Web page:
Q&A with Bryan Silbermann, Produce Marketing Association

10/15/2010 08:09:44 AM
Tom Karst

The Packer’s National Editor Tom Karst chatted on Oct. 8 with Bryan Silbermann, president of the Newark, Del.-based Produce Marketing Association. Read the entire chat at thepacker.com/freshtalk.

1:45 p.m. Tom Karst: I wanted to get your reaction to the dustup again with the Environmental Working Group. They put out a press release and a letter objecting to the specialty crop block grant California awarded to the Alliance for Food and Farming. What was your initial take when you saw that?

1:46 p.m.

ilbermann

Bryan Silbermann: I think EWG stands for Everything We Give you. Everything we give is fine and nothing that anybody else gives you is fine. I would characterize EWG’s communication as disingenuous and hypocritical, and I say that because what they want is for consumers to have only the EWG information and they don’t in fact even submit their own so-called scientific information for peer review and publication. Whereas what the Alliance for Food and Farming has done is to have respected scientists develop a study that is publicly available, presented first in a Webinar and also at Fresh Summit (this year). I think it is disingenuous and hypocritical of EWG.

1:50 p.m. Karst: Is there a double- edged sword in trying to point out the hypocrisy, so to speak, in what EWG is saying? Is there a danger in that it seems the media isn’t perhaps interested in the campaign as the conflict?

1:51: p.m. Silbermann: I think if we bury our heads in the sand as an industry and as public agencies and we say we are not going to set the record straight because we fear it is going to attract attention and controversy, and then we never ever get a chance to set the record straight. That’s going to be one of the themes I am going to talk about in my state of the industry remarks. I feel very strongly about it, and I will have more to say about it because that’s typically the way that production agriculture has chosen not to respond to this kind of attack.

1:55 p.m. Karst: We’ll look forward to hearing more about what you will say in your state of the industry address. What are you most excited about for the upcoming PMA?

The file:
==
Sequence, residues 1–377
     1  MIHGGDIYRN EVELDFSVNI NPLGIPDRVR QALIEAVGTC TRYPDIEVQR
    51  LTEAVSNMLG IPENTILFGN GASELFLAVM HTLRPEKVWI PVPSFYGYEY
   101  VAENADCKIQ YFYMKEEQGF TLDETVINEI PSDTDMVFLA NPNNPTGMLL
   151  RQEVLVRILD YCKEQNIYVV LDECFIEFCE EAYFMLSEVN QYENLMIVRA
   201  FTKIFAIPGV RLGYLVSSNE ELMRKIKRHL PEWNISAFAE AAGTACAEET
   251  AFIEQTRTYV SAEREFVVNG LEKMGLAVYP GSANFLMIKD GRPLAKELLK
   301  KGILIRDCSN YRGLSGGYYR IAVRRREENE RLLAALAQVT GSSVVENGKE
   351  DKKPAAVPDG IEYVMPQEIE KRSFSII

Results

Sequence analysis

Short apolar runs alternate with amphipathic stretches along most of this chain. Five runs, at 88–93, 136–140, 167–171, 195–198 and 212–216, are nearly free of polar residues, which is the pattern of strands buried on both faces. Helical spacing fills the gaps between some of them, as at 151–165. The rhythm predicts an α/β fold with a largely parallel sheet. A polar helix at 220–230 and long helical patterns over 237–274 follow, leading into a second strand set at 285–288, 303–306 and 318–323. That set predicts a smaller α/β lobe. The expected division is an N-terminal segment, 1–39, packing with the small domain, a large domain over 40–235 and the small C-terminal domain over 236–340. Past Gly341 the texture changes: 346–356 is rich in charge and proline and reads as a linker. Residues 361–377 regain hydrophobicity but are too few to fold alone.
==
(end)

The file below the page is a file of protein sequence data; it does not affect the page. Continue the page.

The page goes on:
1:57 p.m. Silbermann: It is always a great opportunity to get together with 15,000-plus of your closest friends. For PMA, the show is sold out, and we squeezed about a dozen additional booths on to the floor because of the demand so we are busting at the seams. Preregistration numbers are really great, and buyer numbers are way up in all categories — retail, foodservice operators, distributors, wholesalers, you name it. So numbers are great, booths are great, and PMA’s international attendance is looking really strong. We have a partnership with the Foreign Agricultural Service of the U.S. Department of Agriculture, and we have buyer delegations from more than two dozen countries, everything from Argentina, Brazil, Switzerland, Venezuela and Vietnam. These are official delegations and we have people from a whole bunch of other countries. The other thing I wanted to touch on in the state of the industry is that although we are still in a turnaround phase in the economy, I see some signs of tremendous brilliance coming down the pike in the marketing efforts of some of the organizations in industry and I’m going to be highlighting those. I think there are some segments of our industry and some organizations that have really started to get it and are doing much more to sell their product and less to tell people why they should be eating their products.


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